There is no denying that 2020 was a rough year for the global aerospace and defense (A&D) industry due to the novel coronavirus pandemic. In November, Boeing announced that it would lay off thousands of workers, while Raytheon also disclosed that more than 4,000 employees or contractors would also face layoffs due to the aviation downturn.
Few could have seen this coming, as it was in December 2019 that ClearanceJobs reported A&D was an industry built for the future – driven by product demand. While it is true that militaries around the world will need aircraft regardless of the pandemic, the reductions brought about in civilian air travel have been devastating for the industry.
Yet, recovery is likely around the corner. As Covid-19 vaccines roll out, commercial air travel is likely to pick up while according to a December 2020 study from Deloitte, global spending on defense programs will likely grow by about 2.8% in 2021, driven by increased global tensions. As a result, the A&D recovery will likely remain uneven across the two key sectors of commercial aerospace and defense.
Deloitte’s “2021 Aerospace and Defense Industry Outlook” report found, “The commercial aerospace industry has been significantly affected by the COVID-19 pandemic, which has led to a dramatic reduction in passenger traffic and, in turn, affected aircraft demand. As a result, the commercial aerospace sector is expected to recover slowly, as travel demand is not expected to return to pre–COVID-19 levels before 2024. The defense sector, on the other hand, is expected to remain stable in 2021, as most countries have not significantly reduced defense budgets and remain committed to sustaining their military capabilities. However, given the disruption in the complex global supply chain, some defense programs could face minor cost increases and schedule delays in 2021.”
Industry Trends To Watch
According to the report, there were six key aerospace and defense industry trends that will continue this year. The first trend was a slow recovery in passenger travel, which could impact aircraft deliveries and in turn industry revenue. While pent up demand may result in short-term growth in passenger travel, the damage to lucrative business travel could take two to three years to recover.
By contrast, defense should be among the bright spots for the A&D industry, as defense budgets, and with it revenues, are expect remain largely stable for defense contractors. Military programs will continue to be critical to national defense, Deloitte noted, especially when geopolitical tensions are considered. As a result, the industry is expected to see that 2.8% increase, crossing the $2 trillion mark.
“The defense will continue to be strong in 2021 because the defense budget for Fiscal year 2021(FY21) is in place and the incoming administration has commented that it does not see a material change in their intended budget for 2022,” explained Robin S. Lineberger, principal for global & U.S. Aerospace and defense leader at Deloitte LLP.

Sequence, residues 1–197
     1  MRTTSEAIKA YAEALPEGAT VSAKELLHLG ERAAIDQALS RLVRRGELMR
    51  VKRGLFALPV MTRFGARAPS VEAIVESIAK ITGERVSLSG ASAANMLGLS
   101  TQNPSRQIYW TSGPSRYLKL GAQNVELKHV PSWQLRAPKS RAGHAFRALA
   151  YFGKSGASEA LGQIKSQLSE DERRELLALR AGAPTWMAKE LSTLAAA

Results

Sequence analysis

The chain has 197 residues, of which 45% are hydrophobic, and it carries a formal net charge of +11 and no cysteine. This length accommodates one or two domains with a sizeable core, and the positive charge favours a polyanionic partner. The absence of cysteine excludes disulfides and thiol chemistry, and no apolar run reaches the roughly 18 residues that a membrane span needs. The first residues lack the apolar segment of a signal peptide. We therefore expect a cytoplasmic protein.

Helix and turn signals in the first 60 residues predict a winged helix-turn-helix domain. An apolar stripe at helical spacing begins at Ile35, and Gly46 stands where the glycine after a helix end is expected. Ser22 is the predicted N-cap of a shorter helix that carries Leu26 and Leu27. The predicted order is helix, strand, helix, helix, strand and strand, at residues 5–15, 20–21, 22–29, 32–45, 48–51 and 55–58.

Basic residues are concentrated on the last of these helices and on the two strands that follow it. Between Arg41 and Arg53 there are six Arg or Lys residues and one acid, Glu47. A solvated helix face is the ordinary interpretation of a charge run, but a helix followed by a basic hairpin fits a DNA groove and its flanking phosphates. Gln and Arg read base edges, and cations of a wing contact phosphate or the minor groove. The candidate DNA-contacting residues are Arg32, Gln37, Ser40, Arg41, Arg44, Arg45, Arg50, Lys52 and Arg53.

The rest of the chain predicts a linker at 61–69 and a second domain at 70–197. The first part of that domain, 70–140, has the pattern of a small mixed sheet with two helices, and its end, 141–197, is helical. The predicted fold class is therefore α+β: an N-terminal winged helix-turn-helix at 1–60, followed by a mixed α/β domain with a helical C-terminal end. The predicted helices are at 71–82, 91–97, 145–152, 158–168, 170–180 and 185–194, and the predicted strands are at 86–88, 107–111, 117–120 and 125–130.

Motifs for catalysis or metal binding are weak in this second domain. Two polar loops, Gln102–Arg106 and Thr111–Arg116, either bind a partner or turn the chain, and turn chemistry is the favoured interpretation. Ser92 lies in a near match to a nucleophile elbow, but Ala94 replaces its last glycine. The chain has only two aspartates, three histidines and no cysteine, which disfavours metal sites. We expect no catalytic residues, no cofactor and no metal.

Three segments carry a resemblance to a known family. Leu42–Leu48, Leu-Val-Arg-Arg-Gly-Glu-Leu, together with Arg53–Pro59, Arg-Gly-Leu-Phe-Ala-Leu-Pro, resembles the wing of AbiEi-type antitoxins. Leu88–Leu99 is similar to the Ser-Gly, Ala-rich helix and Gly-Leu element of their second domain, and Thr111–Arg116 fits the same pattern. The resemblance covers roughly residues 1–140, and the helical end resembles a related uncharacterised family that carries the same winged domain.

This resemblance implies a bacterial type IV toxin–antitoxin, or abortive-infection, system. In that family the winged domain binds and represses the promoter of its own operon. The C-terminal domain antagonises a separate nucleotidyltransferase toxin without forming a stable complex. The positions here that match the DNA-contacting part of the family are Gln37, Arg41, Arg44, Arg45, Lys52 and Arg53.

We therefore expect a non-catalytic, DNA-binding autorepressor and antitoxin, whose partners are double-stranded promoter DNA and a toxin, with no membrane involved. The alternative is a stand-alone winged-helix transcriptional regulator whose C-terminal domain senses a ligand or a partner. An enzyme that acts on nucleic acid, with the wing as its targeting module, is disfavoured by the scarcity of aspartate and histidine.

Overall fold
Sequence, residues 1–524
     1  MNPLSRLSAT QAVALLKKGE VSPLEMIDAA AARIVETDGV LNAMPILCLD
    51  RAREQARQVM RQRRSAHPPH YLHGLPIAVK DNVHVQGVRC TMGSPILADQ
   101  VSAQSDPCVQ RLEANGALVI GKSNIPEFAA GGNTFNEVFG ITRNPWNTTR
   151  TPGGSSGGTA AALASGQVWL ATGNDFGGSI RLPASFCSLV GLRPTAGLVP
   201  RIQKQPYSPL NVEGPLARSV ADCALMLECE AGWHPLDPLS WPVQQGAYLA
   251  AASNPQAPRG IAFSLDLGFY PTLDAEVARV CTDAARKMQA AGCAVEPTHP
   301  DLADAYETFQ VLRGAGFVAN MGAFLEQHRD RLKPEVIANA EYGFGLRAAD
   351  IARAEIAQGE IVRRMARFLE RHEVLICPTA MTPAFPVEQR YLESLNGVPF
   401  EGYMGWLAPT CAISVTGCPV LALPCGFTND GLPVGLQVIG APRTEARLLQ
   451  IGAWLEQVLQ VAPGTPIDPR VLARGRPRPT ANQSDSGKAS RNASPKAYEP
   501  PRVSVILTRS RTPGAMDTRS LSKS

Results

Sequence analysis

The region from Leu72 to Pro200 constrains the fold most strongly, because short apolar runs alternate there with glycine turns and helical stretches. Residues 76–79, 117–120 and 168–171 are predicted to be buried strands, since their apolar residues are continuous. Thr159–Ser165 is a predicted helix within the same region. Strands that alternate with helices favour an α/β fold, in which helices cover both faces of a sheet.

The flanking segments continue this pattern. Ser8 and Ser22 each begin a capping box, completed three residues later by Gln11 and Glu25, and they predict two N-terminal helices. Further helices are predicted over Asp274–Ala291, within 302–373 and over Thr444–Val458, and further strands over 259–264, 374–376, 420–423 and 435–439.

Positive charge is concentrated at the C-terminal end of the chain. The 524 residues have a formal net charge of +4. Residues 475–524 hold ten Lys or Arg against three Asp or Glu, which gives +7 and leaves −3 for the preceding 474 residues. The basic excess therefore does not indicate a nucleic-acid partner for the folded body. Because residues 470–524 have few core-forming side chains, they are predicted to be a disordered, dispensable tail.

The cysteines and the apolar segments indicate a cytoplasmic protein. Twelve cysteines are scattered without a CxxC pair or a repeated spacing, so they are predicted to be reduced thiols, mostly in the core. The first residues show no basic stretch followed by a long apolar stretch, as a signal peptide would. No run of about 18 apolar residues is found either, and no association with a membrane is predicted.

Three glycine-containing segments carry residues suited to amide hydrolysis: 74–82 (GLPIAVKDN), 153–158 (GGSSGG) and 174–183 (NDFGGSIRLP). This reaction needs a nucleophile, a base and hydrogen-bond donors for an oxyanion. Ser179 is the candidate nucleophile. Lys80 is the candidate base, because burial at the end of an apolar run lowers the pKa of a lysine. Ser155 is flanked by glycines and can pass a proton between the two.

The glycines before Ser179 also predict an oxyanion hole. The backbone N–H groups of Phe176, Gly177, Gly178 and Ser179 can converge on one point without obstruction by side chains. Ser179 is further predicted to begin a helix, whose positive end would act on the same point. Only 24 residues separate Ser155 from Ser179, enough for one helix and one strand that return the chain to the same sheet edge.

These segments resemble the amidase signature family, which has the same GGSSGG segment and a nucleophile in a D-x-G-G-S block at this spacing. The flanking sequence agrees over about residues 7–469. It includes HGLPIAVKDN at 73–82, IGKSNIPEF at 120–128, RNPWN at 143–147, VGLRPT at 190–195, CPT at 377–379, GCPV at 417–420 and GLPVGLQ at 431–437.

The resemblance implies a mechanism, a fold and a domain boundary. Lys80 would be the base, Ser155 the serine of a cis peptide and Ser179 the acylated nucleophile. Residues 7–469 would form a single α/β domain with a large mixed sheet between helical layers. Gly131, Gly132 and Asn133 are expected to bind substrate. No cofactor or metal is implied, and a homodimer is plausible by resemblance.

“Further, the government can utilize defense spending as one of the tools to sustain and stimulate the core manufacturing base in the US. This means good jobs for the country,” Lineberger told ClearanceJobs. “The defense budget is strong because of the renewed big power competition between the United States, China, and Russia as well as the continued challenges in the Middle East.”
Funding for space will continue to increase, driven in part by satellite broadband Internet access demand, but space exploration and the militarization of space will also continue to travel growth in 2021, while launch services are expected to see strong growth driven by technological advances and reduction in launch costs.
Supply Chain, M&A and R&D
The other notable trends for 2021 could include the industry’s emphasis to focus on transforming the supply chains into more resilient and dynamic networks. A lesson learned during the pandemic was how the supply chain could be impacted, and the industry has taken note. The industry will have to determine how to adjust, especially those smaller suppliers that were heavy affected by Covid-19 shutdowns.
As the industry recovers, mergers and acquisitions (M&A) could make big news in 2021, as well-capitalized suppliers are likely to pursue opportunities for consolidation, Deloitte predicted. Weaker players may be forced to see and/or restructure assets, while companies in specific A&D segments may be likely to pursue M&A to build scale.
Technological developments and innovation will also transform the A&D industry, and potentially drive long-term growth. Some technologies to watch include advanced air mobility, hypersonics, electric propulsion, and hydrogen-powered aircraft Deloitte, noted.
Despite the setbacks caused by the pandemic, 2021 could see a return to normality, with the defense sector expected to remain stable and weather Covid-19’s disruption. Long-term growth prospects for the A&D industry remain strong, Deloitte noted.
“With respect to the challenges on the commercial aircraft side, Covid-19 has caused passenger travel (business and pleasure) to fall significantly and is not expected to return to pre-pandemic levels until well into 2023,” Lineberger told ClearanceJobs.
“As a result, aircraft orders have been canceled or delayed and the commercial aircraft manufactures have had to slow production levels to align with the reduced demand,” Lineberger added. “It is difficult to predict which of these will return first and at what pace. It will come down to two key drivers, do passengers feel safe when the travel and what business trips will companies feel they have to make going forward. Said another way, businesses have adapted to virtual work and it is unclear how much will revert to a pre-pandemic approach.”